Combine and yield monitor calibration prior to harvest is critical to obtain accurate yield data. Recalibration is necessary for each type of grain harvested or if substantial moisture content changes occur throughout the season. Always refer to the manufacturer’s manual for specifics on proper combine and yield monitor calibration procedures.
Mass Flow Sensor Calibration
The mass flow sensor or impact sensor is the most important part of the combine to be calibrated for accurate yield data.1 Most yield monitors operate by measuring the force that moving grain imparts on an impact sensor as the grain moves through the combine and into the holding bin.2 Proper calibration requires harvesting three to five separate loads of grain at different flow rates. Calibration loads should be between 3,000 to 6,000 pounds or 50 to 100 bushels, and each load weighed with a weigh wagon or other accurate scales.3 Different flow rates can be achieved using one of the following two methods when harvesting calibration loads:
- Harvest at the same speed with different amounts of the header engaged in the crop. Example: If you have a 12-row corn head, run four calibration loads by harvesting 2, 4, 8, and 12 rows all at the same harvest speed.
Harvest at different speeds using the full header width. Example: If you generally combine at 3.5 MPH, run four calibration loads by harvesting at 1, 2, 3, and 4 MPH with the full header width engaged in the crop.
Running multiple calibration loads generally provides greater accuracy when calibrating yield monitors. Some manufacturers may only suggest that one grain load is necessary for calibration. If a yield monitor only accepts a single calibration point, then the only option is to calibrate using the full header width at harvest speed.2 Multi-load calibration procedures take more time but provide greater accuracy by capturing more of the full range of grain flow rates encountered during harvest.
Moisture Sensor Calibration
While harvesting calibration loads, collect a grain sample and determine the grain moisture content of each sample using a high-quality meter that has been recently calibrated. Check the moisture sensor accuracy by using this data when entering the calibration data for the mass flow sensor. Refer to the manufacturer’s manual for details on how to set the offset or calibrate the machine’s moisture sensor.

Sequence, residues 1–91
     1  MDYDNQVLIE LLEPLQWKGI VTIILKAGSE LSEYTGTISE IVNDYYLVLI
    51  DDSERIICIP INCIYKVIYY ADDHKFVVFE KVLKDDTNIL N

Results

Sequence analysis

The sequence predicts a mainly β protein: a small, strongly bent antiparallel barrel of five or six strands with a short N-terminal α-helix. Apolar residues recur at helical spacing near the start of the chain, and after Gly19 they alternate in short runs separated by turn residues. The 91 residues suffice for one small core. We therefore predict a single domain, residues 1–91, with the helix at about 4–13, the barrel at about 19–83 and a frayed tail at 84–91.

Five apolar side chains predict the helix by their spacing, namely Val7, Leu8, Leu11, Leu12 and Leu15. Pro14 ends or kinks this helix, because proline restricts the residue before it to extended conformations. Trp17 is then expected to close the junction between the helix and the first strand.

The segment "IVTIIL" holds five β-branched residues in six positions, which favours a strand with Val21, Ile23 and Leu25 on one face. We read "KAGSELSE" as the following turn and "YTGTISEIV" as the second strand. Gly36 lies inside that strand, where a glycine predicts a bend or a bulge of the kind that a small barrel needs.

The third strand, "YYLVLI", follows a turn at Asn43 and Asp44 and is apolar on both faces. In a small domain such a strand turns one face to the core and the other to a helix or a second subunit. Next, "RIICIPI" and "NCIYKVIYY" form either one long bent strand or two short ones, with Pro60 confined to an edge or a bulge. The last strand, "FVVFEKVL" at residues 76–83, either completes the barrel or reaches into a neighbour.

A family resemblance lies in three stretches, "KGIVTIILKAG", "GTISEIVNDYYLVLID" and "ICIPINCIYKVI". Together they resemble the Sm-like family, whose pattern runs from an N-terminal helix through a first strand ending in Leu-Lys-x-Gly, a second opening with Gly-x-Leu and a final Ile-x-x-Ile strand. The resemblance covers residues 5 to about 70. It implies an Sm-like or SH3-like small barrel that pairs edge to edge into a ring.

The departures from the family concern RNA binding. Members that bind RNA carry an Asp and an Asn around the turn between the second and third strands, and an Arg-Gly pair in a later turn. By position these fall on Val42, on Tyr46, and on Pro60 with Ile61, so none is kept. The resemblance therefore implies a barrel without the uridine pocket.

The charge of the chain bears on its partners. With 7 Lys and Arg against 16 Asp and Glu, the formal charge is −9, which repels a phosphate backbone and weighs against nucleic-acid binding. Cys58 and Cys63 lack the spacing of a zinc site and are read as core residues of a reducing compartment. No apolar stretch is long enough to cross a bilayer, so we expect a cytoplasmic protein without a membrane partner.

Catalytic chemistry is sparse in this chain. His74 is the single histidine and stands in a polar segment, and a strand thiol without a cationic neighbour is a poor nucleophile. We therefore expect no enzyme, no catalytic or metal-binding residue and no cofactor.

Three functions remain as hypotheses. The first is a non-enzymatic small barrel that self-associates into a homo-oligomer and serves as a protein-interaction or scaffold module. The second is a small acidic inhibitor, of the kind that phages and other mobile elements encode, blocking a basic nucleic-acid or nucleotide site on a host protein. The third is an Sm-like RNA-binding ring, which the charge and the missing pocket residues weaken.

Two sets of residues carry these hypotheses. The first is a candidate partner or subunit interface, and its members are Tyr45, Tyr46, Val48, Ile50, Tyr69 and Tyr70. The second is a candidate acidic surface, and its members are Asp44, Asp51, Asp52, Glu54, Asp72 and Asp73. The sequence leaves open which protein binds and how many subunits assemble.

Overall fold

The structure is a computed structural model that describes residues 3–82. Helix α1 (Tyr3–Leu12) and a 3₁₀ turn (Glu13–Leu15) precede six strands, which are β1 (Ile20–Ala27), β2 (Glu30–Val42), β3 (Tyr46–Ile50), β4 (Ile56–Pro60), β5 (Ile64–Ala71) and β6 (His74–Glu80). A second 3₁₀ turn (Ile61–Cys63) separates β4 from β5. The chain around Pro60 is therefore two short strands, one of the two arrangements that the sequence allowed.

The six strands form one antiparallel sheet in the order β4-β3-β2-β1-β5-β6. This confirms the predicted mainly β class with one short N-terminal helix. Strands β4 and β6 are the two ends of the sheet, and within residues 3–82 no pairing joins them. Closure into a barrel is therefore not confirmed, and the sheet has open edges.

Distance Traveled and Ground Speed
Accurate ground speed and distance traveled are necessary to accurately record yield per acre. Most yield monitors accurately determine these measurements using GPS signals. However, older systems may rely on measurements of wheel revolutions and calculated distance and speed based on wheel size. Always refer to the operator’s manual for calibration procedures.
Header Height Setting
The header height settings determine the beginning and ending of data logging. Raise and lower the header to make sure the stop height switch operates correctly. Failure to disengage the header height switch at the ends of rows can result in inaccurate acreage estimates and yield data.
Check for Calibration Accuracy Throughout the Season
Calibration accuracy of yield monitors can be influenced by the following:3
Yield levels outside of the range of grain flow rates used for calibration,
Seasonal changes in temperature and grain moisture content, and
Differences in grain test weight, grain shape, and field topography.
Spot-check your yield monitor multiple times during the harvest season to ensure accuracy. Recalibrate as you move from one crop to another or when you encounter significant changes in grain moisture content or test weight. Always refer to the machine’s operating manual for specific details on completing the calibration process.
1Pennington, D. 2016. Yield monitor calibration procedure. Michigan State University Extension. https://www.canr.msu.edu.
2Luck, B. 2017. Calibrate your yield monitor for greater accuracy during harvest. University of Wisconsin extension bulletin A4146. www.learningstore.extension.wisc.edu.
3Nielsen, R. 2018. Yield monitor calibration: garbage in, garbage out. Purdue University Extension Corny News Network. https://www.agry.purdue.edu.